After suffering an unexplained two hour outage late Friday night, Amazon.com again went offline Monday, and appeared to affect its U.K. site the second time around. Amazon has acknowledged the issue, but if they know what's causing the costly hiccups, they don't seem intent on sharing that info with the media or its customers.

Buyer Beware

Find a deal on software too good to be true? It probably is, and Microsoft is doing its part to crack down on counterfeit resellers. The software giant from Redmond today announced the filing of 21 lawsuits in federal court spanning 14 states against resellers allegedly engaging in the sale of pirated software, including some repeat offenders. If you think you may have already been duped, you can verify whether or or not you're running genuine software by calling (800) RU-LEGIT (785-3448), or heading over to http://www.microsoft.com/genuine.

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hogkill

Blu-Ray is nothing more than a marketing gimmick. I'm going to stick to DVDs until they come out with a technology that provides more than a slight definition increase. It's an investment that costs thousands of dollars with hardly any increase in consumer utility.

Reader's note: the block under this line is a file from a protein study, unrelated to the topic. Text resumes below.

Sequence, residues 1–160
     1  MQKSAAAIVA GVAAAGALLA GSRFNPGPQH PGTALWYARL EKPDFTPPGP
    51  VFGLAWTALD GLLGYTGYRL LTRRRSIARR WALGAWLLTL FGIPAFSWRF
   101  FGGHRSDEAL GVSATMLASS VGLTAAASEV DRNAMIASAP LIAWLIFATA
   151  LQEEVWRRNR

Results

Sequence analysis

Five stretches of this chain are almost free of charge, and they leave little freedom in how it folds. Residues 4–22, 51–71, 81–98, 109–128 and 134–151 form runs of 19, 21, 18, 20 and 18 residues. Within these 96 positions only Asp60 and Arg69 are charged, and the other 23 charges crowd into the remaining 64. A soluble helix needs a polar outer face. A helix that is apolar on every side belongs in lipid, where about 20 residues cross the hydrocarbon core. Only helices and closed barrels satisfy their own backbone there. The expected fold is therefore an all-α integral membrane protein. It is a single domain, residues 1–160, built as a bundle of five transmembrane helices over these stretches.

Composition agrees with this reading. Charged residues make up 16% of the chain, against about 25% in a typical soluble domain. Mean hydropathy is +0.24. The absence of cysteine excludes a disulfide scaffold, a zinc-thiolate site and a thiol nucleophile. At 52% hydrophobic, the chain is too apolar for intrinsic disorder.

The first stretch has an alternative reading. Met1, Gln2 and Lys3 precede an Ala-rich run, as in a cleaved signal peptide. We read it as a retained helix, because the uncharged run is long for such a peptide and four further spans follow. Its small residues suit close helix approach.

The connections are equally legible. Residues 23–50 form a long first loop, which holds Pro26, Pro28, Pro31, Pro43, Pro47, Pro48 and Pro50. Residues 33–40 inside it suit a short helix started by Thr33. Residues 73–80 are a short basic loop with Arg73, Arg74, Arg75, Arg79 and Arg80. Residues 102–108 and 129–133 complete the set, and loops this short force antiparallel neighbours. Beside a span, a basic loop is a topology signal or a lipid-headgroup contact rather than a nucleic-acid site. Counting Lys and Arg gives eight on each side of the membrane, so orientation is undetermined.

kthxbye

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Queenof1

Does The Sims 2 count? LOL -- but really --- we DO have other things to do, like work and fix dinner and feed the kids and and carpool the soccer team and be den mother and pay the bills and clean house and still manage to be the same size 2 that we were when our husbands met us 10 yrs ago.

I also play Half Life :)

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Keith E. Whisman

Queenof1 do you have a single sister? I'm taking my girl back to the store I got her from and I want a gal like you. Wow. Girls have called me a pig for just expecting half of what you said. I deserve a gal that'll do all that. Awsome.

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Scapegoat